New device improves Parkinson’s symptoms
Researchers have shown that an ‘easy to use’ portable stimulation headset may be able to reduce both motor and non-motor symptoms of Parkinson’s.
The results from researchers at the University of Kent, published in the journal Parkinsonism and related disorders, highlight the potential of a new painless and non-invasive electrical stimulation device that can be used at home to improve Parkinson’s symptoms.
About the device
The device works by gently stimulating a nerve in the ear using earpieces in a headset. The technique, called vestibular stimulation, has previously been investigated in a single case study in Parkinson’s.
In this new study, vestibular stimulation was tested in a double-blind trial in a group of 33 people with Parkinson's, where participants self-administered the active treatment or a placebo twice a day over 2 months.
Participants were assessed up to 6 months after using the device and significant improvements were seen in a variety of symptoms - including mobility and decision making - and in quality of life ratings in those receiving the active treatment. Encouragingly, the improvements were seen up to 5 weeks after the end of treatment.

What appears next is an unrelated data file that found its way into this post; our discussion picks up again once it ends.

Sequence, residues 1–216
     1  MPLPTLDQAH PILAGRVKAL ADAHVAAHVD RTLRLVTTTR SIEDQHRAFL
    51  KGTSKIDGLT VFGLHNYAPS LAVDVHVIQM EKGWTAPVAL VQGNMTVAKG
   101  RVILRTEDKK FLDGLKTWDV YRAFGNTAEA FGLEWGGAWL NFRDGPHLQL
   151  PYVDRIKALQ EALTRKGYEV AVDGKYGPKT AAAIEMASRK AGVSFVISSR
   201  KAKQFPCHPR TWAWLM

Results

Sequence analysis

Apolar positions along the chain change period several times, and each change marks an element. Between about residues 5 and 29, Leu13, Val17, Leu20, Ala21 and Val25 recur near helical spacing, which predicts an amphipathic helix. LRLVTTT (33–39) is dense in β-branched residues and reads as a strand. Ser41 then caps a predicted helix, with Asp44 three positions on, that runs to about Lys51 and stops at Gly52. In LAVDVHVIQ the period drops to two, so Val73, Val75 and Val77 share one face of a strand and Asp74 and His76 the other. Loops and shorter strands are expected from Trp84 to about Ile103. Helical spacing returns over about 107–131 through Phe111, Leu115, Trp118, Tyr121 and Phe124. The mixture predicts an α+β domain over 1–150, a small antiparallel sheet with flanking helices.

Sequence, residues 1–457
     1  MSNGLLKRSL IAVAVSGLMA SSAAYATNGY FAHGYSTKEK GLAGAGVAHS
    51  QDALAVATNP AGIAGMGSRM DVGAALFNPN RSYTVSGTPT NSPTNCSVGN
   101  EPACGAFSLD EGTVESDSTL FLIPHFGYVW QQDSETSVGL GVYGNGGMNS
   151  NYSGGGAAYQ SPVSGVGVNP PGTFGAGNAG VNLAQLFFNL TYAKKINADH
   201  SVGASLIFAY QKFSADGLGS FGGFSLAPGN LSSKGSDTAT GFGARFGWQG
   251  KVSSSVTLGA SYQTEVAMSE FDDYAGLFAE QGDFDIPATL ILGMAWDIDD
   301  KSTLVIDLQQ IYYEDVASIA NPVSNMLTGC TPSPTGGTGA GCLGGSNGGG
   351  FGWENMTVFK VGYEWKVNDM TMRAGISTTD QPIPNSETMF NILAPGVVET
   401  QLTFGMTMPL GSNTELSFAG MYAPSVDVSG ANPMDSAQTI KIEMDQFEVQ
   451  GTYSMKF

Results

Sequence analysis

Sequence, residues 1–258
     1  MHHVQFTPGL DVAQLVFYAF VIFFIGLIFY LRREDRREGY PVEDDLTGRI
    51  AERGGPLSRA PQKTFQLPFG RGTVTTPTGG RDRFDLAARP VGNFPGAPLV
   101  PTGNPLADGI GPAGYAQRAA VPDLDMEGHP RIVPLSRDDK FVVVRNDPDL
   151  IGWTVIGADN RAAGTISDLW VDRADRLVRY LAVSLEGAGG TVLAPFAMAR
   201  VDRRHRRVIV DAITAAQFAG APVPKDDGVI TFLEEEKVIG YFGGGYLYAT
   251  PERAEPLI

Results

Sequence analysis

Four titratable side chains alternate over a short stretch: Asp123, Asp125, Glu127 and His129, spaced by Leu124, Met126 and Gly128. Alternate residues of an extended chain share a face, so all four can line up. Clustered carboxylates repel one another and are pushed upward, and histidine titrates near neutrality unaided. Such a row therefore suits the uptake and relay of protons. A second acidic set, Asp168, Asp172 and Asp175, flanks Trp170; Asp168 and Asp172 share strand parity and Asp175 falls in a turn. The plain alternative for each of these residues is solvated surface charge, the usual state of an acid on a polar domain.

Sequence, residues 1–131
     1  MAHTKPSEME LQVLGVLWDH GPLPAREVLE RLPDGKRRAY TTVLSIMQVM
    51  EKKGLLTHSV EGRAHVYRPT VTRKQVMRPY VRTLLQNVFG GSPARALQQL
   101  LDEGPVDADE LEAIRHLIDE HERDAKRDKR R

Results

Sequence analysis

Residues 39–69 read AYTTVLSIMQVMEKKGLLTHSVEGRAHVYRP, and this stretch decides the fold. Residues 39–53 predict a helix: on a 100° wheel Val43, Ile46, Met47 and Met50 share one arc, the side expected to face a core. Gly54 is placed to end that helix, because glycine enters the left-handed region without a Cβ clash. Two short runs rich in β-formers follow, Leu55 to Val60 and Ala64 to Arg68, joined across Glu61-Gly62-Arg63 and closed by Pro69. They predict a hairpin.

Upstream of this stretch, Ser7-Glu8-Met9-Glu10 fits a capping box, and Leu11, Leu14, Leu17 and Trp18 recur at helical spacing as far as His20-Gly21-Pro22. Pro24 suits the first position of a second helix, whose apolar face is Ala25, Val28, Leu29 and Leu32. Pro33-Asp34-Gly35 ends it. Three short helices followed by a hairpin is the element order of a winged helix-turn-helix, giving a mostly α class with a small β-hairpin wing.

Symptoms of Parkinson’s
Parkinson’s has over 40 symptoms associated with the condition and everyone’s experience will be different. The most common are motor symptoms such as tremor and rigidity but there are also a variety of non-motor symptoms such as problems sleeping to lack of motivation.
There is a need for more research to find better treatments to help manage symptoms and improve life now.
A way to manage symptoms
Previous work from these researchers showed that stimulating the inner ear improved neurological symptoms associated with stroke and traumatic brain injury. This research now shows that ear stimulation has potential in the management of Parkinson’s.
Dr Beckie Port, Research Manager at Parkinson's UK, said:
“The results from this small scale study are very exciting. While more research is needed to better understand how delivering this kind of non-invasive stimulation to the nerve in the ear works, it holds a lot of promise to relieve troublesome symptoms that many with Parkinson's experience.
"Existing Parkinson's medications are far from perfect. They cannot slow the progression of the condition and often have significant side effects themselves. Pioneering research like this gives us the best hope of finding the breakthrough that will allow us to better manage symptoms and make a life-changing difference to people living with Parkinson’s."
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